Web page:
It all started in 1993. We were wanting to expand our Fleckvieh herd and took the opportunity to purchase an adjacent, mainly pasture farm that spring. Later on that fall we were successful in obtaining the entire 100% Fleckvieh herd from Keith Bloder, Unity, Saskatchewan.
Our first order of business that summer was to get our new farm fenced. Wanting to get away from the old traditional barb wire/woven wire, we had to learn how to fence all over again when we went with the more modern high tinsel. Not knowing any better we fenced the perimeter and turned our cows out. However by mid August, pastures were worn out and we were starting to feed hay.
Our supplier of our new fencing material, (Andy McDonald), had mentioned ” rotational grazing”, a totally new concept to us here. Being frustrated with having to feed out hay that we had stored for winter use, something had to give.
The following spring I enrolled in a pasture management school at Owen Sound. The instructor whose name escapes me was from Rocky Mountain house, Alberta and was speaking from several years of rotational grazing experience. I must admit I was somewhat sceptical. However no matter how I tried, he had an answer for me. Cattle being turned into waist high grass? Answer – that is not waste, what they tramped down becomes fertilizer. I have been clipping or spraying weeds in our pastures? Answer, you are dealing with the symptom, the cause is over grazing. Do I need to re-seed our pastures? Answer, there is enough grass seed in the ground for the next 100 years. I could go on. However, wanting value from my course fee, I listened very carefully, but was certain this concept called “rotational grazing” probably would not work here at Dora Lee.
We started out by dividing our pastures into 20 acre paddocks, then into 10 acre paddocks. But really not much had changed after year two. We also started mixing trefoil seed into our free choice mineral during pasture season and had minimal response. We still had those nasty weeds in our pastures, and were still feeding hay come late August. By year 3 we were pleasantly surprised. Things began to change, less weeds – more grass !!!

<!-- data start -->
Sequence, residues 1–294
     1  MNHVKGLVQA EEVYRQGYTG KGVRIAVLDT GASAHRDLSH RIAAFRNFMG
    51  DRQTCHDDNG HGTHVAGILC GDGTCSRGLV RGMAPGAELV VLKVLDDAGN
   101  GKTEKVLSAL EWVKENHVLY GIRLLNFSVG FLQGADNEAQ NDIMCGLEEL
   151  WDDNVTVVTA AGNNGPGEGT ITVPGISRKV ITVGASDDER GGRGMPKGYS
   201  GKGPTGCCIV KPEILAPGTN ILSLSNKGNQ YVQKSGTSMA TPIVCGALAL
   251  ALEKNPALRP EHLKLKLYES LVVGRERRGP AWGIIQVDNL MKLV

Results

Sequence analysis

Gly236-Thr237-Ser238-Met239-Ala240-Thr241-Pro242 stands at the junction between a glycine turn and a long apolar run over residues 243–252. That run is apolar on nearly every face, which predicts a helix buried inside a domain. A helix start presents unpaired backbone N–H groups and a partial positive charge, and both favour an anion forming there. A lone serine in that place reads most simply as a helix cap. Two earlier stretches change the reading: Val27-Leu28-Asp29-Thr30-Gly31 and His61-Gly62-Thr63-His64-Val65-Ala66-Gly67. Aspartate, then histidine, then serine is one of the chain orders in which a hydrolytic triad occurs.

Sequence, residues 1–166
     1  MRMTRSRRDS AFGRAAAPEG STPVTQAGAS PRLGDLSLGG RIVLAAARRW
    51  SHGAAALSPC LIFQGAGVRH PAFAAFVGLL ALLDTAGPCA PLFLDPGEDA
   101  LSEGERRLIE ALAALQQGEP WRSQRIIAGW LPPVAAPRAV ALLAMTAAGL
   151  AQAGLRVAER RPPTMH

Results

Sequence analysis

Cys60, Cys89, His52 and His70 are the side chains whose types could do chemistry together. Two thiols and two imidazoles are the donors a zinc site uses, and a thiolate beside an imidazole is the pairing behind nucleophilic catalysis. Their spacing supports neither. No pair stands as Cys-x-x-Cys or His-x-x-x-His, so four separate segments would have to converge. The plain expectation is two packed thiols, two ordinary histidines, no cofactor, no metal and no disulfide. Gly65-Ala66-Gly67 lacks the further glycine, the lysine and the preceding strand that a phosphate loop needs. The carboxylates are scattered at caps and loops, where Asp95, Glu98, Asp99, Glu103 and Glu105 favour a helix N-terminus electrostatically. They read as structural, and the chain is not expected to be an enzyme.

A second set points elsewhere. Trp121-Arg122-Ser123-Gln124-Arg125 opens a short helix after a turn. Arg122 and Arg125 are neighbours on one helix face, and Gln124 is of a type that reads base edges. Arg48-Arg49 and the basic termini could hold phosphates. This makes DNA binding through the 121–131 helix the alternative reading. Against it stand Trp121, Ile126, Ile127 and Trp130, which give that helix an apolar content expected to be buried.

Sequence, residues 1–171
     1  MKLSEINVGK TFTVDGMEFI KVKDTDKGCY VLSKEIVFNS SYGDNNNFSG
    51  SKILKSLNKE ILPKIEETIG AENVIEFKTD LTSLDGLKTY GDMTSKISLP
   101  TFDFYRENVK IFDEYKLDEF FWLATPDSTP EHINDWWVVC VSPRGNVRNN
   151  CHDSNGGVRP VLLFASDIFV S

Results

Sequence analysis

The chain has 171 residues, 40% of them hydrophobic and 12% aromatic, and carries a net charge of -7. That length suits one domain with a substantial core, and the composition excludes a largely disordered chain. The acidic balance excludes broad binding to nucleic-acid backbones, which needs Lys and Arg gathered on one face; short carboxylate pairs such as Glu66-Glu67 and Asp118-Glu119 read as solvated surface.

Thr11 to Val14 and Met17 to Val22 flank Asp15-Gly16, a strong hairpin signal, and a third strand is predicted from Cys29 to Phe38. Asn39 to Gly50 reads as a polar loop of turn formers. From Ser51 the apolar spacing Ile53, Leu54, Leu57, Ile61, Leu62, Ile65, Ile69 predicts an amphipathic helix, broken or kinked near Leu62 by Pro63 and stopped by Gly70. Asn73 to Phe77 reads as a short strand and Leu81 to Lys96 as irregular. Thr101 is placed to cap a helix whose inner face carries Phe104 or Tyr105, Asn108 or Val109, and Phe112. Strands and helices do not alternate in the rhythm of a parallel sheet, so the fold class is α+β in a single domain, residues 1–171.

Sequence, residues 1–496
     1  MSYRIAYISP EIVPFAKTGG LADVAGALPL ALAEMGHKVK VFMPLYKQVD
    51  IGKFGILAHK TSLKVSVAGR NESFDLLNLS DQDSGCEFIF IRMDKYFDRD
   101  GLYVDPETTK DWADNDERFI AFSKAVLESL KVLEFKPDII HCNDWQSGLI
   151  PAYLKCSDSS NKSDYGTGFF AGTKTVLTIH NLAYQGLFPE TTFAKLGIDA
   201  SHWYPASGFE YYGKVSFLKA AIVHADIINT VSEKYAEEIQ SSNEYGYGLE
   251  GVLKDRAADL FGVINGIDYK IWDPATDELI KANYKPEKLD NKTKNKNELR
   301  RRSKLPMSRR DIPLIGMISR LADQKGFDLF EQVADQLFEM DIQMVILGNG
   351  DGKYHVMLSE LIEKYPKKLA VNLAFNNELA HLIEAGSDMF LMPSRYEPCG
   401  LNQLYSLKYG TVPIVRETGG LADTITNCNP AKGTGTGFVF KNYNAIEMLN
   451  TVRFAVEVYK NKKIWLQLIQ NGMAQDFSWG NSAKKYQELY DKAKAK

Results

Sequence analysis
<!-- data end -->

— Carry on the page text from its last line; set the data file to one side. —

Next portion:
Now, years later, cow paddocks are 5 acre parcels, bred heifer and first calve heifers are in 2 1/2 acre parcels. Maximum grazing is 5 days per paddock, no more weeds and yes, we are turning our cattle into waist high grass these days. Many areas of our pastures are yellow with trefoil flowers, spread and planted by our cow herd.
The summer of 2012, many say was the driest here in Ontario in 50 years. Our pastures were fine. They had the root systems in place to handle the drought. We now are feeding hay come mid November when our cows come in off grass for the winter. I do not know much about winter grazing, but we will be taking a look. It has been an interesting journey, something I have enjoyed very much.
Some good advice from my father many years ago, “man needs to stay on top of change and new technology.” Dad was right.
Thanks for listening.